While I tried to calm my overactive mind by a stroll along the beach, I was happily surprised by the following:
Let Love find you
What a beautiful present! I felt much better straight away about my decision to go for a walk and my guilt started to disappear slowly. Guilt about not applying for jobs, studying my yoga Teacher’s Training course preparations, writing blogs or other useful tasks. At the same time inspiration arrived for my next blog. Once again I learned that relaxation is beneficial in a lot of ways.
This little sign of love brings me to Bhakti yoga, also called the yoga of devotion or love. The Sanskrit word bhakti is derived from the verb root bhaj, which means ‘to belong to’ or ‘to worship’. Bhakti can be translated into devotional service or pure love. Within this yoga style, your personal relationship with God and emotional fulfillment and wellbeing are your focus points. It is the way towards realization and union of the individual with the universe or the Supreme Soul through acts of love and service. Bhakti yoga leads to the same destination as all the other branches of yoga, but is especially suitable for those who are emotional in their nature and have feelings of love and devotion highly developed. In terms of the five principles of niyama, bhakti yoga is Isvara pranidhana; surrender of one’s actions and one’s will to God. Through practice you can reach a higher state of intelligence and that makes you lose the identity of the self, you become one with God.
Above all, love is the most fundamental drive of every living entity. You cannot be happy without satisfying your desire to love. So let’s LOVE today on Valentine’s Day!
Categories: Sharing, Yoga
Tags: Bhakti yoga, devotion, fulfillment, God, guilt, isvara pranidhana, love, niyama, realization, service, union, Valentine's Day, wellbeing
Dru yoga has its roots in Hatha yoga and is based on flowing dynamic movements, directed breathing, mudras, positive affirmations and empowering visualisation. It is a gentle and graceful form of yoga and is designed to be practised by people of all abilities, fitness levels and age groups. Dru comes from the Sanskrit word dhruya meaning ‘still’ and ‘unchanging’. It refers to an inner space which is still and spacious. In this stillness you are able to sit back from anything that may be happening around you no matter how stressful your life can be at times. In this place you will find inner calm, strength and tranquillity.
Dru yoga was first taught in the West by a small group of friends working at Bangor University in the United Kingdom. Mansukh Patel and his friends were trained in Dru yoga by Mansukh’s parents. His parents participated in Mahatma Gandhi’s non violence resistance campaigns in India. Mansukh and his family emigrated to the United Kingdom from Kenya after Mansukh’s childhood in the Great Rift Valley.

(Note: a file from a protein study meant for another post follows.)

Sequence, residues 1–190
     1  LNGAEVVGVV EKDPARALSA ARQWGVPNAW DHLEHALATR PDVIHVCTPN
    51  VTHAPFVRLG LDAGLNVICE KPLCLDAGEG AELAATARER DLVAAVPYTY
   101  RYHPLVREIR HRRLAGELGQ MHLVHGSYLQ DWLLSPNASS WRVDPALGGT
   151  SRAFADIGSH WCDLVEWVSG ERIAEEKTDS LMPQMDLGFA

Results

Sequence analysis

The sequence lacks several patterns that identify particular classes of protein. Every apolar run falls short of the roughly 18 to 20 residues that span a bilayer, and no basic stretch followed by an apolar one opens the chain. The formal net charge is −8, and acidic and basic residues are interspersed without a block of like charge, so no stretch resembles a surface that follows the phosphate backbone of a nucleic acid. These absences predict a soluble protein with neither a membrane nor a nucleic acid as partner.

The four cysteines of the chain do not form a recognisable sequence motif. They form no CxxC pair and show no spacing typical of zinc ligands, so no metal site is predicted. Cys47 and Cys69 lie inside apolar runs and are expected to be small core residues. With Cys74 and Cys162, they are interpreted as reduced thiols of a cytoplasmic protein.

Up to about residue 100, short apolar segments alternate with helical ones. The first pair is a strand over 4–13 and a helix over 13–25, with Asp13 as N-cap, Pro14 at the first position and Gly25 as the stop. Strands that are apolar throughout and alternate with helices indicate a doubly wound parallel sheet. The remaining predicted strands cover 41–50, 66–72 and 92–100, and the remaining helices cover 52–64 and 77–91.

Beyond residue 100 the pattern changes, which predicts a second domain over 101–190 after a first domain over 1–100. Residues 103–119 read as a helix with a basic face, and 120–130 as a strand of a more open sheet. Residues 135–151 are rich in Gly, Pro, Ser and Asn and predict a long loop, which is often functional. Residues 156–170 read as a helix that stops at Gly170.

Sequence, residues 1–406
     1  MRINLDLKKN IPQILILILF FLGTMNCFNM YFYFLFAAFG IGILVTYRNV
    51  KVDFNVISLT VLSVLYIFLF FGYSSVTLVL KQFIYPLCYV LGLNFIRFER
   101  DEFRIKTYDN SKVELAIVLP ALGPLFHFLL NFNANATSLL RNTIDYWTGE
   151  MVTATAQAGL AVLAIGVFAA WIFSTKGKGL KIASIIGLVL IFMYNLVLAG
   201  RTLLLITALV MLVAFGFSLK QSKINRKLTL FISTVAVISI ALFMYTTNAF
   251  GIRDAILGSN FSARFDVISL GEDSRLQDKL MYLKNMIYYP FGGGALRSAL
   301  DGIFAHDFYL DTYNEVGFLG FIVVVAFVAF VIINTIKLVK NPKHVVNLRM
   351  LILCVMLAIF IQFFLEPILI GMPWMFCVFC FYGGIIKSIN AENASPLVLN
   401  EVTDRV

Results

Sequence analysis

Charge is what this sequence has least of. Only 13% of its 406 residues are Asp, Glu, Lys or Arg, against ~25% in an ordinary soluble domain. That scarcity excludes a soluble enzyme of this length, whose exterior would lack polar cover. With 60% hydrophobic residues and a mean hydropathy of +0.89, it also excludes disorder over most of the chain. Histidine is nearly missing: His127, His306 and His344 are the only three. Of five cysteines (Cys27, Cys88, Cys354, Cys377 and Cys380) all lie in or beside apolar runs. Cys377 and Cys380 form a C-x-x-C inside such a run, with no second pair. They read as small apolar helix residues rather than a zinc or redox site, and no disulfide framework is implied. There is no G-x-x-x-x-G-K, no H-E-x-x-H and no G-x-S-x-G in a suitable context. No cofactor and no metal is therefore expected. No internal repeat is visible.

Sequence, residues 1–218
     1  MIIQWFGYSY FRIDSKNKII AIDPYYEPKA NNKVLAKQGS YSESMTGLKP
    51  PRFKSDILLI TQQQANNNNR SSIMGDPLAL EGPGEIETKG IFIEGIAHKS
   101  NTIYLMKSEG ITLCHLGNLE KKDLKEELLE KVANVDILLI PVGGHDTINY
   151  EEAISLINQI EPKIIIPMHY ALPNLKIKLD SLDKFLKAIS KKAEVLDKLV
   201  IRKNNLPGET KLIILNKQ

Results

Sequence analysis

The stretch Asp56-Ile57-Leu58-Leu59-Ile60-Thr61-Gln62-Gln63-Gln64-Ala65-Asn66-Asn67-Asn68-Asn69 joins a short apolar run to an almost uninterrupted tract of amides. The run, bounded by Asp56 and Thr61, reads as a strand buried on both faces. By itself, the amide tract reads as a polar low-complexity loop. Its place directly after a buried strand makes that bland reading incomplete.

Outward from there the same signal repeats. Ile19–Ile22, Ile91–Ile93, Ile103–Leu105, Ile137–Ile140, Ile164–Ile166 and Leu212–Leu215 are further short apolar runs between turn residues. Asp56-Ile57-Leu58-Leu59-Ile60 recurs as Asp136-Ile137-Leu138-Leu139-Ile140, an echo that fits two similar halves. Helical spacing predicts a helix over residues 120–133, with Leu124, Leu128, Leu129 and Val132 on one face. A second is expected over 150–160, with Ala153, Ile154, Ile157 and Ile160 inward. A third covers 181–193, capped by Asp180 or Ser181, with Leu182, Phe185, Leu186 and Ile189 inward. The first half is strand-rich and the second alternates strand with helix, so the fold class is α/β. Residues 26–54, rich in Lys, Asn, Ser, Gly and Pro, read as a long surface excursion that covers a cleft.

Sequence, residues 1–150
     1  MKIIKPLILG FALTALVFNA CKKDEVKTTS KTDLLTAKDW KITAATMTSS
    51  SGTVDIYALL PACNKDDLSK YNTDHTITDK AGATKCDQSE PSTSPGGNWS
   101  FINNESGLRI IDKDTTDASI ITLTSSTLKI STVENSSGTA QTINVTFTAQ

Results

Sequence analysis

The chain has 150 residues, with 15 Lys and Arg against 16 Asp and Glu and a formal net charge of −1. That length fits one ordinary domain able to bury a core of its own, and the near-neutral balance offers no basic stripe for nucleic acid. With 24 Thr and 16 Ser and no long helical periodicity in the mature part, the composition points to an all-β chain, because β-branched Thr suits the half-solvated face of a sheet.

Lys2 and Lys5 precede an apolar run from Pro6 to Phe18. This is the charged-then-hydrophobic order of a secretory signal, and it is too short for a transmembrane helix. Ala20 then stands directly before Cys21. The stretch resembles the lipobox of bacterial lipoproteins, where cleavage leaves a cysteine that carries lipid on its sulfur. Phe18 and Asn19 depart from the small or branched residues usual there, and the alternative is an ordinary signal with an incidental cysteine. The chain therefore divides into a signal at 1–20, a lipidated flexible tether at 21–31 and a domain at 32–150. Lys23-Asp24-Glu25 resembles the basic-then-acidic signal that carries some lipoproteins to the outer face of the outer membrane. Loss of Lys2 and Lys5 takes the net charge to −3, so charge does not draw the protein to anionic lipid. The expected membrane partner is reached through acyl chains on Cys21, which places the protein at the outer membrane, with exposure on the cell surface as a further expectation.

A Dru yoga class has usually the following pattern: activation, Energy Block Release Sequences (EBRs), postures, mudras and sequences, relaxation and meditation. EBRs are easy-to-perform sequences of movements, breathing patterns, hand gestures and visualizations that help release specific blockages in your physical, emotional and other subtle energies. These blockages can lead to ‘dis-ease’, stress and physical and emotional pain. The success lies in awareness of your movement, rather than your physical accomplishments. In Dru yoga joints are kept relaxed and soft during movement as in Tai Chi. This soft approach creates flexibility and a free flow of subtle energy. The EBRs involve an unique way of movement. It feels like a focused natural and smooth dance to me. A perfect way to release stress and tension and transform your negative thoughts or attitude in a more positive view.
Dru yoga can significantly improve your wellbeing; physically, mentally and emotionally. Practising this form of yoga can boost your energy level, improve your vitality, flexibility and strength, ease back pain and wash away stress. Through the development of stillness and calmness you are better able to deal with the pressures of modern living. You will feel emotionally more balanced and have greater (self) confidence and appreciation of life.
Tags: confidence, dance, Dru yoga, dynamic movements, easy-to-perform, Energy Block Release Sequences, flexibility, inner calm, Mansukh Patel, still, strength, Tai Chi, tranquillity, vitality, wellbeing